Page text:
By noiselessly going to a prison a civil-resister ensures a calm atmosphere.
I never told a victim story about my imprisonment. Instead, I told a transformation story - about how prison changed my outlook, about how I saw that communication, truth, and trust are at the heart of power.
I just remember that disturbing feeling of walking into that prison, the complete loss of privacy, the complete loss of stimulation, dignity.
Forgiveness, that noblest of all self-denial, is a virtue which he alone who can practise in himself can willingly believe in another.
When the Nazis came for the communists, I remained silent; I was not a communist. When they locked up the social democrats, I remained silent; I was not a social democrat. When they came for the trade unionists, I did not speak out; I was not a trade unionist. When they came for me, there was no one left to speak out.
In jail a man has no personality. He is a minor disposal problem and a few entries on reports. Nobody cares who loves or hates him, what he looks like, what he did with his life. Nobody reacts to him unless he gives trouble. Nobody abuses him. All that is asked of him is that he go quietly to the right cell and remain quiet when he gets there. There is nothing to fight against, nothing to be mad at. The jailers are quiet men without animosity or sadism.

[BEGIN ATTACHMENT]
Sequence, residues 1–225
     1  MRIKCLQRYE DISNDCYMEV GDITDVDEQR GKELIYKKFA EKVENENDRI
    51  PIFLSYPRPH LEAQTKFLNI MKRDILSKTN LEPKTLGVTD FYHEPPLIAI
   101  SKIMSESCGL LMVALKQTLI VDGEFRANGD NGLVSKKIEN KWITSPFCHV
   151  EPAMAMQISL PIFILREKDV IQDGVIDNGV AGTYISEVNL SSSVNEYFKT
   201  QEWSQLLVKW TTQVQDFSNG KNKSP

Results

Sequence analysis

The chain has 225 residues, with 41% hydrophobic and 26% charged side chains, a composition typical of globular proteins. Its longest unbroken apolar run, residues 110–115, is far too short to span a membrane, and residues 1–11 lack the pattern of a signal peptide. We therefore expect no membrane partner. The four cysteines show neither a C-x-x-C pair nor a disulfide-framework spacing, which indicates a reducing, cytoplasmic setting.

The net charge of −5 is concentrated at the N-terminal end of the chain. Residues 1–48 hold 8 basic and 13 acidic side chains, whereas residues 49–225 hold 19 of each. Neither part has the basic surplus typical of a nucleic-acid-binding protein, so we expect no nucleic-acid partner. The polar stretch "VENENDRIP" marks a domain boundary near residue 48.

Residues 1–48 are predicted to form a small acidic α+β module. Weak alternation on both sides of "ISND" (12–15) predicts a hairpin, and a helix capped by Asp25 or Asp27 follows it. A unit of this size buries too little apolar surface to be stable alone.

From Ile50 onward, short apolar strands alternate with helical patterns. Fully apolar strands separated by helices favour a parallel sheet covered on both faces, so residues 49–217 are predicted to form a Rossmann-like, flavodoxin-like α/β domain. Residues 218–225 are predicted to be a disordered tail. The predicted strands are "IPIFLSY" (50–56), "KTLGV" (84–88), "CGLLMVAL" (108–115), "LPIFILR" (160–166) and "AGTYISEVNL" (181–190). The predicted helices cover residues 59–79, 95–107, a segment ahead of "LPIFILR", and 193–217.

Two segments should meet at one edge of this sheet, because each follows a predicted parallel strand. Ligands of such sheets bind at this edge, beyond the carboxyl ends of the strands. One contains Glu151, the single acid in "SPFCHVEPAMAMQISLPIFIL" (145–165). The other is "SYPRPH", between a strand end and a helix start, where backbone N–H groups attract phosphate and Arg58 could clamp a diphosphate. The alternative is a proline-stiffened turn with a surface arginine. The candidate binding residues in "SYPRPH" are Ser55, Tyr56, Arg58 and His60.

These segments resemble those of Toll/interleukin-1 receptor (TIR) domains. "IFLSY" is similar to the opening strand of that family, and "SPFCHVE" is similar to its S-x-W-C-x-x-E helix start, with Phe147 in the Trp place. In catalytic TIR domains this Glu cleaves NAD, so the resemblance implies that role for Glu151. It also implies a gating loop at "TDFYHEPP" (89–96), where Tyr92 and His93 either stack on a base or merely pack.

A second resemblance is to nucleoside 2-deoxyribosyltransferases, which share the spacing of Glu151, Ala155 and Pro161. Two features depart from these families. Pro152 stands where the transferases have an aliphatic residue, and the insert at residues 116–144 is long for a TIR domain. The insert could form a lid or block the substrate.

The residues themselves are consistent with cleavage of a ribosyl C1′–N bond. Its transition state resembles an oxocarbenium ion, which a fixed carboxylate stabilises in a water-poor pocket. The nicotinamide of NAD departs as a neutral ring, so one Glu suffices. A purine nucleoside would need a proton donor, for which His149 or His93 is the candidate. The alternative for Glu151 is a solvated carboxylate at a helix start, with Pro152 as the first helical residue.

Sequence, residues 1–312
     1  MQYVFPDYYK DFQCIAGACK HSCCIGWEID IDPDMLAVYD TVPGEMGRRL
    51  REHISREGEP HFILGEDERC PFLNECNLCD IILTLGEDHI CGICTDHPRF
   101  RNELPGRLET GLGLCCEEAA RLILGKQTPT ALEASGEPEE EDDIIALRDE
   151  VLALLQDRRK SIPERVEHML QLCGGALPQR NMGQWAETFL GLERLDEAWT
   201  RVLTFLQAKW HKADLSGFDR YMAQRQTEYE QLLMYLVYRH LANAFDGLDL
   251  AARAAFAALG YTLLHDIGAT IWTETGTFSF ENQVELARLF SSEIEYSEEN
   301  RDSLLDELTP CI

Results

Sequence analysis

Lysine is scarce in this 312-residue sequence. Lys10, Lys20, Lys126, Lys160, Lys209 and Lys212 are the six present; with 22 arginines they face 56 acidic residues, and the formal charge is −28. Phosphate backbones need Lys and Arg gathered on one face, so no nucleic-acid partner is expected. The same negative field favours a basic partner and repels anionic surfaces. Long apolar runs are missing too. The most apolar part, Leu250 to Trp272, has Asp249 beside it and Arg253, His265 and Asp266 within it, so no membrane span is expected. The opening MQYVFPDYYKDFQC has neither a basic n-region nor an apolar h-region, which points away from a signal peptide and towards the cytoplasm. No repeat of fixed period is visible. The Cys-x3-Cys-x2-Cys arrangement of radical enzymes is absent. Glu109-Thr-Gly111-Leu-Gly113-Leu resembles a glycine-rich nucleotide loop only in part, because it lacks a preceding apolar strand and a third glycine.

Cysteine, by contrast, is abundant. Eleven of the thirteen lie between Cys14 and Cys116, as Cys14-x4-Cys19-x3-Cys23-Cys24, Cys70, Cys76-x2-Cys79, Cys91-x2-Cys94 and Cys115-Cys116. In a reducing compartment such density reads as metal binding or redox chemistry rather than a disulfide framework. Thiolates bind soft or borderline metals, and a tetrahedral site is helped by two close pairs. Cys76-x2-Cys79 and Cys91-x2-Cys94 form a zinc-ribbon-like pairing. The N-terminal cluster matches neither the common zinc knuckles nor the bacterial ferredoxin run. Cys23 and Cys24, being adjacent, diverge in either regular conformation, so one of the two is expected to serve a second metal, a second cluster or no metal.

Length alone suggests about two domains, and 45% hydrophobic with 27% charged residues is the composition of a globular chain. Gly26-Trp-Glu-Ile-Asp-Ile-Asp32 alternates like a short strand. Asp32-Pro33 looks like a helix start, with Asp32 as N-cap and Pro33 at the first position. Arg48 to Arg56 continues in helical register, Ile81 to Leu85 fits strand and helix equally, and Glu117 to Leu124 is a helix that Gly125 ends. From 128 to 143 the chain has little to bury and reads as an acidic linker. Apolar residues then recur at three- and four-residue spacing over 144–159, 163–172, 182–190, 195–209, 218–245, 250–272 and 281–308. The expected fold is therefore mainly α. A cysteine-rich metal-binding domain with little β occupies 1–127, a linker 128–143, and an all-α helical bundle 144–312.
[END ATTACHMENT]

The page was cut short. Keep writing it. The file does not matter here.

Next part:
Prisons don't rehabilitate, they don't punish, they don't protect, so what the hell do they do?
Society has used the juvenile courts to create a caste system where there are throw-away people.
He was a first-time nonviolent possible offender, ... And under the mandatory minimums, he was put in prison for 15 years. Not only does the punishment not fit the crime, but the mandatory minimums don't give judges any discretion to look at the background of the case, to read into the specifics of the case. I don't know a judge who really is in favor of the mandatory minimums.
There's no greater threat to our independence, to our cherished freedoms and personal liberties than the continual, relentless injection of these insidious poisons into our system. We must decide whether we cherish independence from drugs, without which there is no freedom.
It is impossible to go through life without trust: That is to be imprisoned in the worst cell of all, oneself.
In prisons, those things withheld from and denied to the prisoner become precisely what he wants most of all.
He had drawn many a thousand of these rations in prisons and camps, and though he'd never had an opportunity to weight them on scales, and although, being a man of timid nature, he knew no way of standing up for his rights, he, like every other prisoner, had discovered long ago that honest weight was never to be found in the bread-cutting. There was short weight in every ration. The only point was how short. So every day you took a look to soothe your soul - today, maybe, they haven't snitched any.